Denver should be patient, not move Carmelo Anthony on August speculation

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Thumbnail image for canthony_arty.jpgYou want a good reason why the Denver Nuggets should be very deliberate in it’s dealings with Carmelo Anthony? Woody Paige of the Denver Post put it clearly:

In the seven years Anthony has been in Denver they averaged 48 wins a season and never missed the playoffs. The eight years before he came they averaged 25 wins per season and never made the playoffs.

Anthony helped transform that franchise, you just don’t move someone like that on an August speculation.

Denver may ultimately have no choice. If Anthony and his agent Leon Rose make it clear to the Nuggets they will opt out of the last year of his contract and move on at the end of this season, then Denver has to move him. It does not want to end up like Cleveland, getting nothing for its departed superstar.

But first, Denver needs to hire a general manager. Then that person needs to have a sit down with Anthony and Rose. Maybe Anthony has formally made up his mind and wants out. More likely, he is leaving his options open and trying to pressure Denver into improving the team.

We’ve said before, at some point Anthony needs to be fair to Denver — if he is going to leave, he has to tell them and give them a chance to trade him. Anthony wants an extend-and-trade anyway so he can get the money from the three-years, $65 million deal on the table. Whatever the max deal will be under the new CBA, it will be less.

Maybe it will come to that. Maybe not. But for Denver they need to take their time and do this right. Because this franchise has seen life without Anthony before and it’s not pretty, it’s not a place they want to return to.

Kings pick up option on G Ben McLemore

Ben McLemore, Rodney Hood
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SACRAMENTO, Calif. (AP) The Sacramento have picked up the 2016-17 option on guard Ben McLemore‘s contract.

General manager Vlade Divac announced the move Saturday.

McLemore was Sacramento’s first-round pick in 2013. He averaged 12.1 points, 2.9 rebounds and 1.7 assists last season.

Paul George reiterates “I don’t know if I’m cut out for a four spot”

Paul George

In the Pacers first exhibition game of the season Saturday against the Pelicans, Paul George started at the power forward spot and looked healthy — that should be the big takeaway. He also showed off his offensive game in the first quarter, eventually finishing the night with 18 points on 7-of-15 shooting. He forced some shots in the second half and had some defensive challenges, but it was a solid outing for a first preseason game.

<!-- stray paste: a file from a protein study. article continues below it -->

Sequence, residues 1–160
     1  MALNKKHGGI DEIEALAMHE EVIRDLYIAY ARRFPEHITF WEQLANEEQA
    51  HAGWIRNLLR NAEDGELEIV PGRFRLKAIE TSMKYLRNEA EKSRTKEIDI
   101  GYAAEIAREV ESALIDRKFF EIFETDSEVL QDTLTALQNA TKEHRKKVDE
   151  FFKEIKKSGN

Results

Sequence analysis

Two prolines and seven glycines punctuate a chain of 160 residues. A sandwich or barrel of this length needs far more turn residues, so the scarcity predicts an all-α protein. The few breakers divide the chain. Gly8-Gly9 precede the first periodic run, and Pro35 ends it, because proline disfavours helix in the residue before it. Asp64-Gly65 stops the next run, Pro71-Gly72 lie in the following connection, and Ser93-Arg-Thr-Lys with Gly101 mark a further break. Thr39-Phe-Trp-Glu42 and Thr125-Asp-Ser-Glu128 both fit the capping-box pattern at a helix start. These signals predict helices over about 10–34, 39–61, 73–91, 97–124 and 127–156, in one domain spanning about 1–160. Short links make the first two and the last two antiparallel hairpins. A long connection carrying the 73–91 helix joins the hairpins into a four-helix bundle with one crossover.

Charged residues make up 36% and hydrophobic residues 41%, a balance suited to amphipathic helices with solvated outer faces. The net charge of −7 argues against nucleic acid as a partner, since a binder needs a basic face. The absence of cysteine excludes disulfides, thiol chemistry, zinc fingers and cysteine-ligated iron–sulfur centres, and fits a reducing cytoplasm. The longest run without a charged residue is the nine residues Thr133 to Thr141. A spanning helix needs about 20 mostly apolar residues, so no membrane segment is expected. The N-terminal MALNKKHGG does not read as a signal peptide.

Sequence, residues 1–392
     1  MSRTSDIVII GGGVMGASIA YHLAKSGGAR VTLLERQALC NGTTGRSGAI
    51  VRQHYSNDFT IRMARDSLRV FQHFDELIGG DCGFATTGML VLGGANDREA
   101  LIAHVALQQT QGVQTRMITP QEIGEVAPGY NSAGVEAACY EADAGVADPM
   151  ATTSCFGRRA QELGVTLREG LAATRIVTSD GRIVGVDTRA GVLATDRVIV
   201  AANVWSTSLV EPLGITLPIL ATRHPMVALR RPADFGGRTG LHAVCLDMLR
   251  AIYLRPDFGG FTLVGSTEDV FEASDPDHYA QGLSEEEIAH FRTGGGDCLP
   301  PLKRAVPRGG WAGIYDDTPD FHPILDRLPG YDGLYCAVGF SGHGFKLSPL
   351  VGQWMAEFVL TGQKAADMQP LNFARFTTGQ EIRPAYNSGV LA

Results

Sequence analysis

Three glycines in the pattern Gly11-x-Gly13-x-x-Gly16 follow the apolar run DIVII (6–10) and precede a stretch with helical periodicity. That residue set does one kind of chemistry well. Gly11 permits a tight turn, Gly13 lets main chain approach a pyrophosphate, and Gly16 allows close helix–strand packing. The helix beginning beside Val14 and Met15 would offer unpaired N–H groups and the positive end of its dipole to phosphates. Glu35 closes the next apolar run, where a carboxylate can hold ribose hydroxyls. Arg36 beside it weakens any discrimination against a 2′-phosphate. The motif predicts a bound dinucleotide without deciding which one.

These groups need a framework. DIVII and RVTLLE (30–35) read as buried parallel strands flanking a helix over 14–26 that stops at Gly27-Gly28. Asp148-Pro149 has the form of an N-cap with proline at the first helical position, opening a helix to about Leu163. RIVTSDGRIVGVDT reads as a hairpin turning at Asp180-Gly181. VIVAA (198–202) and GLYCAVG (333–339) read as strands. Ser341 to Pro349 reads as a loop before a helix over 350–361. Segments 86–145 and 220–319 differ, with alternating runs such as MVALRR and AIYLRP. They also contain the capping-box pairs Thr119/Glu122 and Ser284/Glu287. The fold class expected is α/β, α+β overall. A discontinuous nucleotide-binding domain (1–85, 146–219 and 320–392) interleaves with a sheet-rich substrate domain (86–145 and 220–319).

George did not see it that way, and that will end up being the big takeaway.

He complained about playing power forward during training camp and given the chance after this one game he did it again, as reported by Candace Buckner of the Indy Star.

“I don’t know if I’m cut out for a four spot,” George said after the Pacers’ 110-105 loss to the New Orleans Pelicans, a game in which he started matched up against 6-foot-11 All-Star Anthony Davis.

“I don’t know if this is my position. We’ll sit and watch tape and I’m sure I’ll talk with coach (Frank Vogel). I’ll talk with Larry (Bird) as well to get both their inputs on how the first game went but…I’m still not comfortable with it regardless of the situation. It’s still something I have to adjust to or maybe not. Or maybe it’s something we can go away from.”

George sees himself as a wing, where he has played his entire career. He doesn’t like defending traditional fours, as a scorer he doesn’t like expending all that energy defending pick-and-rolls and banging with bigger bodies. He’s been clear about that.

He still needs to be open to the idea. How much time George gets at the four on any given night should depend on the matchup — and Anthony Davis is about as rough a matchup as he is going to see. Davis scored 18 points in 15 minutes, and the Pelicans controlled the paint against the small-ball Pacers. George had a hard time defending Davis — welcome to a rather large club, PG. That said, George scored 12 points in the first quarter mostly with Davis on him, he pulled the big out in space and got what he wanted.

Back to the matchups point, George will struggle defensively against the best fours in the game (most of whom are in the West). But what about the nights in the East when George would be matched up on Thaddeus Young from Brooklyn, Jared Sullinger (or David Lee, or whoever) from Boston, or Aaron Gordon with the Magic, or Carmelo Anthony with the Knicks when they play small? There are a lot of lineups the Pacers will see where George at the four makes sense.

The Pacers are transitioning from a plodding and defensive-minded squad to a more up-tempo style, and that’s going to take time— a lot more than one preseason game. However, if George is throwing cold water on the plan after this one effort, it might take a lot longer and be a lot bumpier to make that transition than we pictured.